What happens afterwards?
You will be taken back to your ward on your bed. Staff on the ward will carry out routine observations, such as taking your pulse and blood pressure, to make sure that there are no problems. If you have been up and about previously, then you will generally need to stay in bed for 3 hours afterwards, until you have recovered. It is important to try and look after the feeding tube. You should try not to make any sudden movements, for example getting up out of a chair or out of bed without remembering the tube. However, you will be able to lead a perfectly normal life with
the tube in place.
How long will the tube stay in and what happens next?
This is a question which can only be answered by the doctors looking after you. It all depends on why you needed the tube in the first place. You do need to discuss this fully with your consultant. The tube needs to stay in place until you can eat and drink normally, and in some cases this might not be for a very long time. You will have a specially trained dietician looking after you, who will decide how much liquid food you need to put down the tube and will show you how to look after the tube properly. They will also give you more information about the type of liquid food you are receiving. About 2-3 weeks after the procedure the external stitches will come away by themselves. The tube should then stay in all by itself.
Are there are risks or complications?
Percutaneous gastrostomy is a very safe procedure. However, there are some risks and complications that can arise, as with any medical treatment. The biggest problem could be not being able to get the tube into your stomach. This can sometimes happen if you have not been able to eat for a long time and your stomach has shrunk quite a lot. It may not be possible to find it with a small needle. If this happens you may need an operation to place the tube. Sometimes there is a leak around the tube. This is less likely to happen if the stomach has been attached to the muscles beneath the skin, but it can still sometimes occur. This can lead to the skin around the tube becoming very red and sore. An attempt will be made to treat this but it may become necessary to remove the tube for healing to occur. You need to keep the area around the tube very clean and very dry.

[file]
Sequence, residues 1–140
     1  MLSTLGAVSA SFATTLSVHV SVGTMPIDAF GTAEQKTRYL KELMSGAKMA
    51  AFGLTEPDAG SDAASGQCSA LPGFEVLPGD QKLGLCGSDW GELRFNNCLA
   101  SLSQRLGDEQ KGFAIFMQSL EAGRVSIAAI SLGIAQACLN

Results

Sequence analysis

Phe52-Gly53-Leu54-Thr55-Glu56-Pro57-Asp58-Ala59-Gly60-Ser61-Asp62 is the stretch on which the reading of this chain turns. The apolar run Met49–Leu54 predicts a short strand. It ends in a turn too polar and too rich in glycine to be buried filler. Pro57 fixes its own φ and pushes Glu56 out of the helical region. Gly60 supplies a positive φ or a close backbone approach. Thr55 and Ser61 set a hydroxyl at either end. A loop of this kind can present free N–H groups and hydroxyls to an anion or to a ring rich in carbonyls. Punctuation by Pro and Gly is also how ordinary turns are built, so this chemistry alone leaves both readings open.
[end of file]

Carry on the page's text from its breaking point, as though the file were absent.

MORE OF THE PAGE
Very rarely a blood vessel can be punctured accidentally when passing the needle into the stomach. This can result in bleeding. This may stop by itself, or if not, you may need a blood transfusion. Occasionally it may require another procedure to block the bleeding vessel. This would be done by a radiologist using a fine plastic tube put into the vessel. Very rarely, it may need an operation to stop the bleeding. However, this is a very rare complication.
Some of your questions should have been answered by this leaflet, but remember that this is only a starting point for discussion about your treatment with the doctors looking after you. Make sure you are satisfied that you have received enough information about the procedure, before you sign the consent form. Percutaneous gastrostomy is considered a very safe procedure, designed to save
you having a larger operation. There are some slight risks and possible complications involved, and although it is difficult to say exactly how often these occur, they are generally minor and do not happen very often.
Please remember that this leaflet is intended as general information only. It is not definitive, and the RCR and the BSIR cannot accept any legal liability arising from its use. We aim to make the information as up to date and accurate as possible, but please be warned that it is always subject to change. Please therefore always check specific advice on the procedure or any concerns you may have with your doctor.